Connect with us

Hi, what are you looking for?


Donald Trump Has Completely Taken over the GOP

Donald Trump speaking to supporters at an immigration policy speech at the Phoenix Convention Center in Phoenix, Arizona. Image Credit: Creative Commons.
Donald Trump speaking to supporters at an immigration policy speech at the Phoenix Convention Center in Phoenix, Arizona.

Former U.S. President Donald Trump announced his candidacy for president in 2024 last November. First, he must win the Republican primary. He faces a potentially tough primary challenger in Florida Gov. Ron DeSantis. Nevertheless, Trump will likely win. None of the likely challengers deviates that much from ‘Trumpism’ – Trump’s aggressive culture war posturing and combative styling.

So even if Trump wins, the outcome will not be that different. And if a Trump-ish presidency is the only possible GOP outcome, then why settle for a bland copy of Trump when you can vote for the real thing?

Trumpism Triumphant

The most striking element of Trump’s rise and endurance as leader of the GOP is his thoroughgoing triumph over all other elements in the Republican party.

Donald Trump was a businessman with a history of shady relationships and tabloid magazine scandals. He had bounced around politically – supporting whomever seemed to offer his New York City business interests. He had no clear ideology; indeed it is still hard today to pin down Trump’s ideological convictions beyond a generalized, if aggressive, nationalism.

He was a GOP neophyte when he won its primary in 2016.

Yet Trump pushed aside various factions inside the GOP in fairly short order. The neoconservatives – the hawkish foreign policy set around officials like John Bolton or pundits like William Kristol – were effectively pushed out of the party altogether, despite their extraordinary sway in the previous GOP administration.

Similarly, free trade – once a core commitment of the GOP – has disappeared almost entirely from GOP thinking under Trump, replaced by ‘America First’ protectionism. At home, Trump made no effort to balance the budget during his presidency, and he comfortably appointed an openly gay, married man to his cabinet.

The previous GOP consensus – built across the presidencies of Ronald Reagan, George Bush (41), and George Bush (43) – was derided as ‘zombie Reaganism.’ A few anti-Trump Republicans went into exile on social media and op-ed pages, while most GOP officials fell in with the new dispensation.

Donald Trump Has Drama

Donald Trump has therefore won – in a thematic, stylistic way – even before the 2024 presidential race begins.

But this is quite astonishing. Trump has no history in the GOP beyond 2015. His personal behavior collides directly with the commitments of evangelicals, a core GOP constituency. And he has not managed to replicate his success of 2016. In 2018, the GOP lost the House of Representatives; in 2020, it lost the presidency; in 2021, it lost the Senate; and in 2022, the much-hyped ‘red wave,’ or even red tsunami, fell fall short.

If Trump cannot win, then ultimately he will face pressure to step aside. Trump can activate the Republican base and drive a high GOP turnout. But he also motivates counter-voting. Democrats intensely dislike him, and Trump’s personal behavior – his endless torrent of harsh or inane commentary – alienates the few swing voters the GOP needs to win a majority.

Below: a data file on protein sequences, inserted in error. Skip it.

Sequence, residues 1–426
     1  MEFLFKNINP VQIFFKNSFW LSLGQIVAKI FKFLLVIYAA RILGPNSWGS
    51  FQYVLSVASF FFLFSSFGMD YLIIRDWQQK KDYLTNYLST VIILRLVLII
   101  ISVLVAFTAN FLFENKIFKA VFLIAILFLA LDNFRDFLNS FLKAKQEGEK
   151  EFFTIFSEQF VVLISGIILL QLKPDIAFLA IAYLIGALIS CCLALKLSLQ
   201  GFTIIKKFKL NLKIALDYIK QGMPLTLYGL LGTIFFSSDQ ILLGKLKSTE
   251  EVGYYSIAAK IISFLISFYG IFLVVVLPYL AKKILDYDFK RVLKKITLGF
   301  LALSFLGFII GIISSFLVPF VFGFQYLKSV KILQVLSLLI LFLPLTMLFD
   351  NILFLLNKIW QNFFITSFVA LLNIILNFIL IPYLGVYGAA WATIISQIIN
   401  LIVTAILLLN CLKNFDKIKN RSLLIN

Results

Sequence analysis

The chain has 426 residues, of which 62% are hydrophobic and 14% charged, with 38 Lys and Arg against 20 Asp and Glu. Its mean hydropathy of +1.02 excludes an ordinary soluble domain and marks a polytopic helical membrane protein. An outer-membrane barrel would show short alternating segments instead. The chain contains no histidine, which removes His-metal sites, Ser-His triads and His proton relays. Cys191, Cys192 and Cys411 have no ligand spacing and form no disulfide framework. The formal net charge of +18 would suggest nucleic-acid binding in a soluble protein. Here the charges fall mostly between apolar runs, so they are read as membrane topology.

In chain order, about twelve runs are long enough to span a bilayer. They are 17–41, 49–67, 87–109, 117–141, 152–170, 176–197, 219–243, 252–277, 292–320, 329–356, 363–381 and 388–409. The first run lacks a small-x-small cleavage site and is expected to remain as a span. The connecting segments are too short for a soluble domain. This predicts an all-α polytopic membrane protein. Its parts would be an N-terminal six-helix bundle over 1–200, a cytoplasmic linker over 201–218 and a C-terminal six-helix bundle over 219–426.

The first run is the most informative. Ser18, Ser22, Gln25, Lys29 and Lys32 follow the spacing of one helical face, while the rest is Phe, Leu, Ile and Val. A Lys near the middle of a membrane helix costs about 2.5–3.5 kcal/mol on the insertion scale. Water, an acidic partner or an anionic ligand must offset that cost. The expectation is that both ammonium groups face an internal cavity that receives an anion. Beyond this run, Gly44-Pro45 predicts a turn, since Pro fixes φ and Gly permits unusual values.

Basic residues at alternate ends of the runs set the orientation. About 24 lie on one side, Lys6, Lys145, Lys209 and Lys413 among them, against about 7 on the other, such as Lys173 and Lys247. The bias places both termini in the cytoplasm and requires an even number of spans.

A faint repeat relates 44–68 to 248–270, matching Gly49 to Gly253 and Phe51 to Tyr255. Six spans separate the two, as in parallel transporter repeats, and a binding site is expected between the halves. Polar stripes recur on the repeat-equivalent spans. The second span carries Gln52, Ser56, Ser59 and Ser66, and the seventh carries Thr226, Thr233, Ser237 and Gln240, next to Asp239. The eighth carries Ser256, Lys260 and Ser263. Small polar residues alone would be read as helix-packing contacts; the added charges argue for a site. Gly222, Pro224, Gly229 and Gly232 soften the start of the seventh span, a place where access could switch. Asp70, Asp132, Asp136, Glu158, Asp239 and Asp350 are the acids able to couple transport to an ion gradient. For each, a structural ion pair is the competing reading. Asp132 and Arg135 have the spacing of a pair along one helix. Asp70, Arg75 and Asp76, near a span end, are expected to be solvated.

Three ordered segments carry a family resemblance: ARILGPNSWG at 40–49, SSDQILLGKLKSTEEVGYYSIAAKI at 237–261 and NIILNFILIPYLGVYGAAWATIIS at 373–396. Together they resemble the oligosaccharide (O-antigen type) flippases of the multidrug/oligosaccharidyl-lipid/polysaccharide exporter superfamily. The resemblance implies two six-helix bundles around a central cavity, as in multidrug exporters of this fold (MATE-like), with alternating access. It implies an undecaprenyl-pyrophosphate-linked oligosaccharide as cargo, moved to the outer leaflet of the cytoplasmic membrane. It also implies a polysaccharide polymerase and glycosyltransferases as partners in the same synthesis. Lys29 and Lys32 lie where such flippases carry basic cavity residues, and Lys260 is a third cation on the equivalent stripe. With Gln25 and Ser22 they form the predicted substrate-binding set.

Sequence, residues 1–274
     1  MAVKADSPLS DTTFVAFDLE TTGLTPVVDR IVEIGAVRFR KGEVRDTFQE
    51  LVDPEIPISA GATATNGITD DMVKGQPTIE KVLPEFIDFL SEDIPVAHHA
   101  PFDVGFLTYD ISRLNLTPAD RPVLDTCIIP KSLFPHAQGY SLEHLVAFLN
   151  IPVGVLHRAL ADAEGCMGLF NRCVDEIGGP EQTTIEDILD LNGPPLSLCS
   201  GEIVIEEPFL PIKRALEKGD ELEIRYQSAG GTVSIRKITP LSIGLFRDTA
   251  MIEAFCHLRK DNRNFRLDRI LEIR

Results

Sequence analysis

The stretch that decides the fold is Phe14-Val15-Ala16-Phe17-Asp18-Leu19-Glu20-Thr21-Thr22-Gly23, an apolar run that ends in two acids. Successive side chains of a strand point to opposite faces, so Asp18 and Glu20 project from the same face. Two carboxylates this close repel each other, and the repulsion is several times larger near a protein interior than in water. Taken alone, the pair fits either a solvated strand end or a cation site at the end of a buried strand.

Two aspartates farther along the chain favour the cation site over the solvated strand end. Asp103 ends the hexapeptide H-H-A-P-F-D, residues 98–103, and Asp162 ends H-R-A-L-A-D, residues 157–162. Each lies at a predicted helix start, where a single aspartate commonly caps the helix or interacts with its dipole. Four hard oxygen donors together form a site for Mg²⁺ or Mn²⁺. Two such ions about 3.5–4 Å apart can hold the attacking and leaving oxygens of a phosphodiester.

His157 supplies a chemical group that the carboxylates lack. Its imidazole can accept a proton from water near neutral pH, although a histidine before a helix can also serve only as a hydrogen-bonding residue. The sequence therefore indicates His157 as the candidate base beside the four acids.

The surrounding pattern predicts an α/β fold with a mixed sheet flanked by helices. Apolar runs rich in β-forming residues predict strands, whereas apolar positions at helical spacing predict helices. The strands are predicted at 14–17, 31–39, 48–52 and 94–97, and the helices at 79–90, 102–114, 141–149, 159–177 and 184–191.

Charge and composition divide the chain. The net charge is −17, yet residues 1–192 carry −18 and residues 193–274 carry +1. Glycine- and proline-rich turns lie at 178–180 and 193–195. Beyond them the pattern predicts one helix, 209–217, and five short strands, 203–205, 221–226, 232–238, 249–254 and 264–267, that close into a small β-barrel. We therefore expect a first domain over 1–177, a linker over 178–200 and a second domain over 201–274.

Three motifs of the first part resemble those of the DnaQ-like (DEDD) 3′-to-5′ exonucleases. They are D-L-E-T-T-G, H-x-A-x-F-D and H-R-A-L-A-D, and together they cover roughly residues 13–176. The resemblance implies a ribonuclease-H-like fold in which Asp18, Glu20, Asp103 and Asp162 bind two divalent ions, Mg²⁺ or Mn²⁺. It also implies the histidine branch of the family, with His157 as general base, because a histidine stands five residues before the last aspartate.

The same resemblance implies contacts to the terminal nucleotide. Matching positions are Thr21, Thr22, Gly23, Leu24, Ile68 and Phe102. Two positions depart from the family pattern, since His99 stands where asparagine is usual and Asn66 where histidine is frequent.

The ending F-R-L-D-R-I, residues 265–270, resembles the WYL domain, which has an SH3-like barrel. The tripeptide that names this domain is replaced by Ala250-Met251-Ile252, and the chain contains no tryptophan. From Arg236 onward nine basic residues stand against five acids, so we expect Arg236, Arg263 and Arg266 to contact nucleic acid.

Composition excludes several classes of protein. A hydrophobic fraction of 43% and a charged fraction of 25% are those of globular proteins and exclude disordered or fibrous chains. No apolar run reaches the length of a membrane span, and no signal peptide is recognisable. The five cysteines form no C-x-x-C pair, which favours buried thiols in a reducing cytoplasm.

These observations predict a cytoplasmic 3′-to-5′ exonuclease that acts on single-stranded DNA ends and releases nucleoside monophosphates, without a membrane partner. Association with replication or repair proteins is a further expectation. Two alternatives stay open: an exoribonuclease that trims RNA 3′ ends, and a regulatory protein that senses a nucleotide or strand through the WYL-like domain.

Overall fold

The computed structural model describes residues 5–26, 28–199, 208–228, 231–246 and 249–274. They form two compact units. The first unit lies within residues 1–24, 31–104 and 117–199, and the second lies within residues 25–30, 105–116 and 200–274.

A Trump-stamped GOP can win 45-48% of the national vote, and that, given the curious mechanics of the Electoral College, creates a unique pathway to presidential victory. But Trump is not a proven majority-builder, and this has bedeviled him since 2015.

They’re All Trumpists Now

Still, the rest of his potential primary challengers are Trumpists too.

Their general hope seems to be to retain Trump’s aggressiveness, nationalism, and bravado, while jettisoning his many personal peccadilloes. That is, to be a disciplined, focused trump-ish candidate who can motivate the base voters with Trump’s red-meat while still capturing enough swing voters, through basic competence and self-control, to build a majority.

DeSantis is the likely vehicle for this. He has the background, self-control, and bureaucratic skill which the GOP establishment desperately wants in a presidential candidate. But he has worked hard to appeal to the Trumpist GOP primary voter. He has even practiced Trump’s hand motions to channel the party’s dominant figure. 

This may work. Trump is at his weakest ever. But until it happens, we should be hugely skeptical. The GOP base loves Trump. They love his belligerence, his willingness to say anything, his gleeful political incorrectness that borders on nihilism. He has led the party’s voters to his own concerns and paranoias. It is not clear that a fairly bland GOP bureaucrat like DeSantis has what it takes to break the spell, no matter how desperately GOP elites are searching for a Trump slayer.

Trump’s charisma is what binds him to the base, and DeSantis sorely lacks that. But most importantly, if DeSantis is just a Trump clone – only without the fun, without the garish theatrics, the burn-it-all-down aggression – then why vote for him instead of the real thing?

DeSantis is offering no real choice, because he is parroting Trump, only with less excitement and zeal. If your choice is between Trump and Trump-lite, is it realistic to believe that a trump-ized electorate will not just take the real thing, as it has for years now?

MORE: Could Donald Trump Be Disqualified from Becoming President Again?

MORE: Could Donald Trump Quit the GOP?

Expert Biography: Dr. Robert E. Kelly ( is a professor in the Department of Political Science at Pusan National University and 19FortyFive Contributing Editor.

Written By

Dr. Robert E. Kelly (@Robert_E_Kelly; website) is a professor of international relations in the Department of Political Science at Pusan National University. Dr. Kelly is now a 1945 Contributing Editor as well.